To begin, truth tables are a key element of a branch of mathematics called logic. Often, we use symbolic logic to shorten the amount of writing that we need to do. Symbolic logic works by substituting a variable for a boolean expression. For example, if we are given the following condition:

age>=16 && testScore>=80

Using symbolic logic, we can declare the following variables:

- p = age>=16
- q = testScore>=80

The variables p and q are chosen randomly. You can use any letters that you choose.

Using symbolic logic we can now represent the same statement using

p && qEach of these statements can have a value of true or false. So, together, we have four different possibilities:

p | q |
---|---|

T | T |

T | F |

F | T |

F | F |

To avoid missing any combinations, we can set up our T/F values in each column using the following process:

- In the first column, take the number of rows/2. Write that many T rows followed by the same number of F rows.
- In the next column, take the number of T from the first column and cut it in half, alternating sets of that number of T followed by that number of F, until all the rows are filled.
- This process of halving repeats until the final column is reached, at which point the values alternate T and F in each row.

a | b | c |
---|---|---|

T | T | T |

T | T | F |

T | F | T |

T | F | F |

F | T | T |

F | T | F |

F | F | T |

F | F | F |

Explanation:

We begin by taking each of the individual boolean relations and assigning them a variable:

a = grade==12

b = prereq>=90

c = grade>=10

Then, with three variables, we know that there is 2^{3}=8 rows.

The first column will have 8/2=4 consecutive rows of T followed by 4 consecutive rows of F.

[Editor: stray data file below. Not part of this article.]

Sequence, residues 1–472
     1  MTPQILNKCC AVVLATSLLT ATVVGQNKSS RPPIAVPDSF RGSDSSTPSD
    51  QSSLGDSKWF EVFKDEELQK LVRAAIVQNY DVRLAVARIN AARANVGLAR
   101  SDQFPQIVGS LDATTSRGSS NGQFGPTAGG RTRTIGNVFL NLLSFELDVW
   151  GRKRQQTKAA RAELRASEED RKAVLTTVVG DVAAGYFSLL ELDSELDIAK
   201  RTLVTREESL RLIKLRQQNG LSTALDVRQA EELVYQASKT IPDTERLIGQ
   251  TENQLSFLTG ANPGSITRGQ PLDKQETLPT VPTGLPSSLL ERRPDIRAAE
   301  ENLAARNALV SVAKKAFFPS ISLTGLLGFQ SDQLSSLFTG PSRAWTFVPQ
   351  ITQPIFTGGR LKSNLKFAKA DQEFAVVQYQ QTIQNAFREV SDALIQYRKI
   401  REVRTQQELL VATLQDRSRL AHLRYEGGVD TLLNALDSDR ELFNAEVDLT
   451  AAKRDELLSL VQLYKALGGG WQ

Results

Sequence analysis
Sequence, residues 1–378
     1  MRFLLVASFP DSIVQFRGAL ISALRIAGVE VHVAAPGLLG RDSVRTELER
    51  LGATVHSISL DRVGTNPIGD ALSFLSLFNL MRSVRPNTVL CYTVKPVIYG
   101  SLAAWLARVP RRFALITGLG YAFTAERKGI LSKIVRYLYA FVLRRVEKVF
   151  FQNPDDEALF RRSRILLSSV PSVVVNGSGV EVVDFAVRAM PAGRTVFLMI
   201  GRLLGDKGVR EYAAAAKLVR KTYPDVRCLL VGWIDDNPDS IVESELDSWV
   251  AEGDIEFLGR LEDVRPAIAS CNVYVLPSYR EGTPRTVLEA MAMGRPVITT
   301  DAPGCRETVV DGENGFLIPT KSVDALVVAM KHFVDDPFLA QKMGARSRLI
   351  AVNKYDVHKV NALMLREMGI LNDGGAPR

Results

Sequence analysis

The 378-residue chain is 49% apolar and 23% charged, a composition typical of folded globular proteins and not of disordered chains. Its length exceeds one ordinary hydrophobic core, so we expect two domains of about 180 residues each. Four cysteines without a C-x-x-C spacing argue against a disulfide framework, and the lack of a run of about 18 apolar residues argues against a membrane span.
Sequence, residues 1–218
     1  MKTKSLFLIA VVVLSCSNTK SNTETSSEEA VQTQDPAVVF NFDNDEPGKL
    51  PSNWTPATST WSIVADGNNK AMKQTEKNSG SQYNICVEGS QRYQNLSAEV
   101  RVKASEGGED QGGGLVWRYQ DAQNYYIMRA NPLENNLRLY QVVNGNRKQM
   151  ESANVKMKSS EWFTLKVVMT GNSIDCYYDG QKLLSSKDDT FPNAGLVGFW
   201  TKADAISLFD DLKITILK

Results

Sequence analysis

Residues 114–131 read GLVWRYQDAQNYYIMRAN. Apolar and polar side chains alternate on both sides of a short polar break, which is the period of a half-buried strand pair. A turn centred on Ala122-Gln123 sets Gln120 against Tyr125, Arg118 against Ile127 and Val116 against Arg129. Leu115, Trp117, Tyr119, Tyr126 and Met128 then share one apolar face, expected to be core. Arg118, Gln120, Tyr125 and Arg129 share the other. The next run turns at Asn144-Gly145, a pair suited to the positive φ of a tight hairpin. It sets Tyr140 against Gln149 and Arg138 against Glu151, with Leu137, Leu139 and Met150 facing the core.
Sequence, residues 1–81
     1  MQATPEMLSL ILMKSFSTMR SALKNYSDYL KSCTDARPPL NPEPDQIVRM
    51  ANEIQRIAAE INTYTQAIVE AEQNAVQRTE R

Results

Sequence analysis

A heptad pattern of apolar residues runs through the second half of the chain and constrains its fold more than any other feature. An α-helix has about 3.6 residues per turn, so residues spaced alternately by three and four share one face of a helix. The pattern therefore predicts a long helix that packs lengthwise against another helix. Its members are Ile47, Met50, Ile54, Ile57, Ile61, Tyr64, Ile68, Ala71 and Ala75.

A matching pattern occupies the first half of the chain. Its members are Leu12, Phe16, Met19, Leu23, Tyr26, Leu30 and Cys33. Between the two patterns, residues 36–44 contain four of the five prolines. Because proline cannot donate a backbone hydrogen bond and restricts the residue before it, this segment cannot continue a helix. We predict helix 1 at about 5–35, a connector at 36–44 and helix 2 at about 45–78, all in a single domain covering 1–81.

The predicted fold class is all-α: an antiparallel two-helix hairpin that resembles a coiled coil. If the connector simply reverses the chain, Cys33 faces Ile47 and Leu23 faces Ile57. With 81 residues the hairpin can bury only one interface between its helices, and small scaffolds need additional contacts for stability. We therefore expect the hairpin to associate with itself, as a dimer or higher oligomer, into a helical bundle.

The second columns will have 4/2=2 rows of T follwed by 2 rows of F. That pattern will repeat until out of rows.

The final column will alternate T/F on each row.

We begin by taking each of the individual boolean relations and assigning them a variable:

a = grade==12

b = prereq>=90

c = grade>=10

Then, with three variables, we know that there is 2

The first column will have 8/2=4 consecutive rows of T followed by 4 consecutive rows of F.

The second columns will have 4/2=2 rows of T follwed by 2 rows of F. That pattern will repeat until out of rows.

The final column will alternate T/F on each row.

Often, in more complicated truth tables, we can build the process in steps.

a | b | c | b&&c | a||(b&&c) |
---|---|---|---|---|

T | T | T | T | T |

T | T | F | F | T |

T | F | T | F | T |

T | F | F | F | T |

F | T | T | T | T |

F | T | F | F | F |

F | F | T | F | F |

F | F | F | F | F |

Explanation:

Step 1: Using only the values from the b and c columns, we generate the value of (b&&c) for each row. In the blue highlighted example, you will see that T && T => T.

Step 2: Once the fourth column is complete, we use the a column and the (b&&c) column to generate the last column, which is the value of the truth table. In the red highlighted example, a=F and (b&&c)=T. When combined with an OR statement, the final result is T.

What we now know is the truth value of the statement for each possible set of boolean relational values. For example, if all of the original conditions are false, the statement will be false. However, if the first value is true (grade==12), it doesn't matter what the other values are, the statement is true.

Step 1: Using only the values from the b and c columns, we generate the value of (b&&c) for each row. In the blue highlighted example, you will see that T && T => T.

Step 2: Once the fourth column is complete, we use the a column and the (b&&c) column to generate the last column, which is the value of the truth table. In the red highlighted example, a=F and (b&&c)=T. When combined with an OR statement, the final result is T.

What we now know is the truth value of the statement for each possible set of boolean relational values. For example, if all of the original conditions are false, the statement will be false. However, if the first value is true (grade==12), it doesn't matter what the other values are, the statement is true.

a | b | c | a||(b&&c) |
---|---|---|---|

F | T | T | T |

In this example, a is false, b is true and c is true. This means that when we run the program, we need data that meets the following conditions:

- grade!=12 (a is false)
- prereq>=90 (b is true)
- grade>=10 (c is true)